• Whether a quest is feasible, depends on the experience (level) of the player. Playing in a group, a clearly less experienced player has not much to contribute to the group’s success. Therefore, when level difference increases, tie decay increases as well. Furthermore, EverQuestII discourages teams of players with a great level difference because the high-level player gets most of the experience points.
  • Players who are members in a guild are much more likely to maintain the ties with other guild members.
Interestingly, being of the same gender or having the same age has no significant influence on tie decay. Being located in the same geographic area (measured by whether two players are from the same state) attenuates tie decay. This, of course, may be due to preexisting familiar or friendship networks. One would also expect that ties among players who spend a lot of time in the game are  less likely to decay because these players are experienced and have routines for engaging in and keeping relationships. But this conclusion was not confirmed.

The guild - a community of practice

Ang et al. [2] analyzed the social roles and interactions of guild members. A content analysis of the messages during a representative period revealed the following seven topic categories:
  • group management: soliciting/responding to invitations, identifying group members, deciding meeting points, (re)structuring the group and leaving the group;
  • task coordination: pointing out targets, coordinating actions, looting, discussing strategies and trading;
  • ask for help: in situations that need immediate solutions such as the solution of quests, equipments, asking for game items and money;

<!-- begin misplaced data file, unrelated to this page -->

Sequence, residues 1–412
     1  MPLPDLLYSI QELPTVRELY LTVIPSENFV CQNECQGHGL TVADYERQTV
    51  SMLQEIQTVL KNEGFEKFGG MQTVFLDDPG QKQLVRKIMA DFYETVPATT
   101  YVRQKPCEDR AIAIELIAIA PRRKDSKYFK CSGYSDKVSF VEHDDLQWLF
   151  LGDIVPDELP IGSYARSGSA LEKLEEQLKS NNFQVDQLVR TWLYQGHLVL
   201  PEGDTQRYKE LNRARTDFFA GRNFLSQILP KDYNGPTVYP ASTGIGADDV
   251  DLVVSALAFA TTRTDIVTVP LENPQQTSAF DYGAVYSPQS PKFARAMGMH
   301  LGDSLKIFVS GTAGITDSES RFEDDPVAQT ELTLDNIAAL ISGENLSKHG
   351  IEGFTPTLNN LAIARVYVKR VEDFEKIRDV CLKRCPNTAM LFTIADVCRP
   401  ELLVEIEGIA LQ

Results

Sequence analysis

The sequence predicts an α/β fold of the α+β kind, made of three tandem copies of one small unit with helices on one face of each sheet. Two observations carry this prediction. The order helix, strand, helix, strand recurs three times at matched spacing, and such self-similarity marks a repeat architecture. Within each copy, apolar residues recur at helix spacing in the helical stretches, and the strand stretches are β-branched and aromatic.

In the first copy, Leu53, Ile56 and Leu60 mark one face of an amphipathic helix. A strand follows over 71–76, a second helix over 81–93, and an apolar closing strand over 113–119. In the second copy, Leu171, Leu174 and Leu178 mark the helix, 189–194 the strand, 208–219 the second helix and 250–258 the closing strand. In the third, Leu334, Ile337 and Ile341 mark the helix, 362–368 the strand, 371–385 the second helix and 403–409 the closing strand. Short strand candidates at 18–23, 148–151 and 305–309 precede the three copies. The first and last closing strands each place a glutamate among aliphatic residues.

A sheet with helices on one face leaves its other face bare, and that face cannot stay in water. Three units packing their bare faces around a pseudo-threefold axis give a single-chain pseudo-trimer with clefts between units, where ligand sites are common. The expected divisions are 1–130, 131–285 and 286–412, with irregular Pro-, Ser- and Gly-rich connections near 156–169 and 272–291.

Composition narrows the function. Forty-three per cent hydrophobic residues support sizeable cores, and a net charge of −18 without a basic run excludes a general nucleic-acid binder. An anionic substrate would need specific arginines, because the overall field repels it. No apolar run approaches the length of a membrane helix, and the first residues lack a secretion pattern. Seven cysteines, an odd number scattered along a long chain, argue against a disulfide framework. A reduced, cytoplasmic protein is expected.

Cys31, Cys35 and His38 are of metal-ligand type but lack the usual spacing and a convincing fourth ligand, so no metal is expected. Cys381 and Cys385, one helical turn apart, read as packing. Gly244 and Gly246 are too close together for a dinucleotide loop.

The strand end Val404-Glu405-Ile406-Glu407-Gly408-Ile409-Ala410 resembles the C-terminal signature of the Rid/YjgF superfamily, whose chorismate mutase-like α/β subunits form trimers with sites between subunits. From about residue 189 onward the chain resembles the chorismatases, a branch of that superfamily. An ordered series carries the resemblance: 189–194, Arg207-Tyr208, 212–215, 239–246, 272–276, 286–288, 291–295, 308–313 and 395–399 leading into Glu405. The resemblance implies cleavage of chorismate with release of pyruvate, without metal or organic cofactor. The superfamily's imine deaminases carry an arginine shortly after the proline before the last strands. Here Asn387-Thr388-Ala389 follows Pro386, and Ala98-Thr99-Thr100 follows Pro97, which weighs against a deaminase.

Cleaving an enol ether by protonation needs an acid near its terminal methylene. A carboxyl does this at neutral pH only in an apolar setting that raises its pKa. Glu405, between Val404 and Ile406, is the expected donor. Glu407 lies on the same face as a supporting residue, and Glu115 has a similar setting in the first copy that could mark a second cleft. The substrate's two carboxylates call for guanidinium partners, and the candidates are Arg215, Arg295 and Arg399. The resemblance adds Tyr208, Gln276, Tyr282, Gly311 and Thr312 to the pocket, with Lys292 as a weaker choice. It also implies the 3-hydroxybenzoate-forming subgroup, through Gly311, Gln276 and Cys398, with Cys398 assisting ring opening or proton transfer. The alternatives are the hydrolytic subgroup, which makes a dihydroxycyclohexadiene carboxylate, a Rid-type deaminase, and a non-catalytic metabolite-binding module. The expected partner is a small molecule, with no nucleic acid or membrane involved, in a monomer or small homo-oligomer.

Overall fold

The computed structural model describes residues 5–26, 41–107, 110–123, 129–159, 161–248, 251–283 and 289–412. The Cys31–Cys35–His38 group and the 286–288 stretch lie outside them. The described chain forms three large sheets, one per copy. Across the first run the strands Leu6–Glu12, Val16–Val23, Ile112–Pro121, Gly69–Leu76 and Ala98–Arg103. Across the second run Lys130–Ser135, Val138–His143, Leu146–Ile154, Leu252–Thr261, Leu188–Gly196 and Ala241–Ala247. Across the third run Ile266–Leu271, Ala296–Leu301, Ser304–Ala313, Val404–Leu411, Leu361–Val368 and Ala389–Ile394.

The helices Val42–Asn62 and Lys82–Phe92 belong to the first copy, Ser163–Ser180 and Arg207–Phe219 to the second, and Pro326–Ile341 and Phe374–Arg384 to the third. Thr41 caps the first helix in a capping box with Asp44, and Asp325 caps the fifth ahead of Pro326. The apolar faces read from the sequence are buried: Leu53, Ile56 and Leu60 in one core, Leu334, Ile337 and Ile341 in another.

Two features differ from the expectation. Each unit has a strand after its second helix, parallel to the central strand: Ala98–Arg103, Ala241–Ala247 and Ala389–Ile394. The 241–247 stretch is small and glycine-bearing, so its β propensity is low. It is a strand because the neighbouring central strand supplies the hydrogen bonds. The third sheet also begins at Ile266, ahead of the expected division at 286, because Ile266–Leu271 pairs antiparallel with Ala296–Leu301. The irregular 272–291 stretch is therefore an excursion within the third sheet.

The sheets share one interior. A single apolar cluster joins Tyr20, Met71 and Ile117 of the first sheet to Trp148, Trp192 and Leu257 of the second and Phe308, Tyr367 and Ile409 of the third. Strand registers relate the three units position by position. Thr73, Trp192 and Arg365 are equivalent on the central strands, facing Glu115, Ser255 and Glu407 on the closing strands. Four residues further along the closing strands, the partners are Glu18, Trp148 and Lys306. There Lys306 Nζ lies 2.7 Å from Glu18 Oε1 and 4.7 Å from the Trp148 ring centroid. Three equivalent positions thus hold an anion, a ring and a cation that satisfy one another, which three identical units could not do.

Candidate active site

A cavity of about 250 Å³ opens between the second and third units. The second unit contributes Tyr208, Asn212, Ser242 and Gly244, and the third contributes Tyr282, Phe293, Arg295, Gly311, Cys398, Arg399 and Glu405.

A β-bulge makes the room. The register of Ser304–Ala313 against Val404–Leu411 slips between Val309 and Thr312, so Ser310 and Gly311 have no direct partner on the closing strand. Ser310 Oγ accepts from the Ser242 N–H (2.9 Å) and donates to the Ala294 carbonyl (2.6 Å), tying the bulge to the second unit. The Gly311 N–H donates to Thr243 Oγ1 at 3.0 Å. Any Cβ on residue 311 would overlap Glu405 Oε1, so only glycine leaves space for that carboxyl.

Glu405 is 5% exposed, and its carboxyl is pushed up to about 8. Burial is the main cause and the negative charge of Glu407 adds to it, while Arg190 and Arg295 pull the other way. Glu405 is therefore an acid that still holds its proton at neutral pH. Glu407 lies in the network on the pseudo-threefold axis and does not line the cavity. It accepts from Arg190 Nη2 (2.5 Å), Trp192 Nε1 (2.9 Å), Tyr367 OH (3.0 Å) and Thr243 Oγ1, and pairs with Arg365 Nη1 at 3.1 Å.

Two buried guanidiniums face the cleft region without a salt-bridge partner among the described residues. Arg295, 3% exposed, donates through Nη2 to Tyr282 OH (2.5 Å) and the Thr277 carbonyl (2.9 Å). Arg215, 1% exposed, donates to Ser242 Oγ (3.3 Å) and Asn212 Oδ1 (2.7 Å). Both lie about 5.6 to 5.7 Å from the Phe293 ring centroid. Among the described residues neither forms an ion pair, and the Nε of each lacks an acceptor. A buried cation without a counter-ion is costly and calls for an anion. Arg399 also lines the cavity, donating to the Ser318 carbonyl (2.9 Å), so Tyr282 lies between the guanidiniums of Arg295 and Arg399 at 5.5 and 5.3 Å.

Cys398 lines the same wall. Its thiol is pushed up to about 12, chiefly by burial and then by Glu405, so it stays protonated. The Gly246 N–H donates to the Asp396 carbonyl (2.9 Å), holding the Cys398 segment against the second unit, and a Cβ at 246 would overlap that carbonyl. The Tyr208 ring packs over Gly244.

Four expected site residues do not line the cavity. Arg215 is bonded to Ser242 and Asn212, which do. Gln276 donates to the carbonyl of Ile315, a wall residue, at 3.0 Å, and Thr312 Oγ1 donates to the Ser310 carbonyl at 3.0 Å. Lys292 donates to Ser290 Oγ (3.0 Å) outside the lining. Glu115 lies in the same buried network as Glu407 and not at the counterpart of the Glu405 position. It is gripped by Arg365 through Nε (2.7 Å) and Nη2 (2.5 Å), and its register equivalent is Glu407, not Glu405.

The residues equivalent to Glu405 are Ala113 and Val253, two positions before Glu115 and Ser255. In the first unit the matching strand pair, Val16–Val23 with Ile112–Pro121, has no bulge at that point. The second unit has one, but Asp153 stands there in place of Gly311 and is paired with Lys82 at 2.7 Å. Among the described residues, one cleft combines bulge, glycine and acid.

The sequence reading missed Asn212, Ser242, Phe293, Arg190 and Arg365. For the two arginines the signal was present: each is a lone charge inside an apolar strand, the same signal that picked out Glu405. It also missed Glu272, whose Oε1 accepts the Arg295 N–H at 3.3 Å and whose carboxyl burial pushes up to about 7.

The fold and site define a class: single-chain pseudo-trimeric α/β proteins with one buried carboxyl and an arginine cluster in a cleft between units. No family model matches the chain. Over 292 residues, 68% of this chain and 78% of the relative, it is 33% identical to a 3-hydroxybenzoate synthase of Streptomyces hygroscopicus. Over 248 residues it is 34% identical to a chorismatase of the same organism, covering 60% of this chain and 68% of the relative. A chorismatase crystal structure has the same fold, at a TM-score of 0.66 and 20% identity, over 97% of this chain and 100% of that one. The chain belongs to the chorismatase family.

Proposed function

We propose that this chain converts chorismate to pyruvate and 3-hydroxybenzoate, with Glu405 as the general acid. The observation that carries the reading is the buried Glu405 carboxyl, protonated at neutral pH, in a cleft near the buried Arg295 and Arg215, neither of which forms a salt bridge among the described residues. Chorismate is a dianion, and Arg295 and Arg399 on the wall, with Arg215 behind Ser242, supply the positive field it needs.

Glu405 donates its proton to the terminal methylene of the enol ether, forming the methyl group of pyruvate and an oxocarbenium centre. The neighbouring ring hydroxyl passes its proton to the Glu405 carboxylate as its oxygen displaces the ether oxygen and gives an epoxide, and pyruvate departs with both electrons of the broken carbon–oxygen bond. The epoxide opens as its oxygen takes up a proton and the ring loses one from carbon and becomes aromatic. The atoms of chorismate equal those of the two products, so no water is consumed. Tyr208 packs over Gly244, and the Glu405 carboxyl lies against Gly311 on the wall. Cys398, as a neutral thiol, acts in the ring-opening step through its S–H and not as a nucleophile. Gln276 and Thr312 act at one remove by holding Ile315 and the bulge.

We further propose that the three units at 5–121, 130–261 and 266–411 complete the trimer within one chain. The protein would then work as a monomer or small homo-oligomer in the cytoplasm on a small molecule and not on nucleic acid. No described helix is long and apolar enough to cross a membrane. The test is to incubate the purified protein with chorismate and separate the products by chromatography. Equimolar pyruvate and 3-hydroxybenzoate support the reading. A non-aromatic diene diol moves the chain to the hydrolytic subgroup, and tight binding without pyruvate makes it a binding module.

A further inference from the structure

• give help/answer questions;
  • friendly remarks: apologizing, greeting, laughing, saying thank you, typing smileys for nonverbal communication (waving, making a bow etc.);
  • small talk not directed towards achieving game goal or completing game task (telling jokes, being sensitive to others, being supportive and being encouraging);
  • real life chats: chats that reveal the member's real life identities (real life gender, nationality, etc.) and chats about real life topics such as work/college life.
Using a special algorithm (CONCOR), the guild members were clustered in three blocks. The players were placed in the same block if they had similar ties to other players:

Ang, C. S., & Zaphiris, P. (2010). Social Roles of Players in MMORPG Guilds: A Social Network Analytic Perspective. Information, Communication & Society, 13(4), 592-614.
  • Core members: They are densely inter-connected and moderately connected to other blocks. They are very likely to be players who have been longer in the guild and know each other well. They are actively involved in game chat, group management and give help, but not ask for help. Some core players excell primarily with their knowledge (knowledge players) others in socializing (social players). 
    • Knowledge players, by giving help, are the guild's resource which attracts other players into the guild. 
    • Social players provide a friendly atmosphere and maintain the guild's cohesiveness (= more connections, closer and denser ties).
  • Semi-periphery members: This block consists of loosely interconnected players who try to get involved in the guild community. They seek help and give help, and show active involvement by participating in game chat and group management.
  • Periphery players: These players are disconnected. Their main goal is to get help from the guild but not to get involved in the guild community. They have access to a lot of other players, thus increasing the chance of getting help. There are two types: newbie and freeloaders. 
    • Newbies are new to the game in general (low levels, needing help on basic issues). It seems that the career progression of a newbie first leads to the semi-periphery with a subsequent change of behavior and then to the core group. 
    • Freeloaders (usually higher levels, typically asking quest-related questions) are using the guild only as an instrumental tool for their task interaction. 
Ang, C. S., & Zaphiris, P. (2010). Social Roles of Players in MMORPG Guilds: A Social Network Analytic Perspective. Information, Communication & Society, 13(4), 592-614.

Although the core members interacted with members from all three blocks, they interacted largely within the block. They were particularly strongly connected internally in game chat and group management categories and least internally connected in give help category.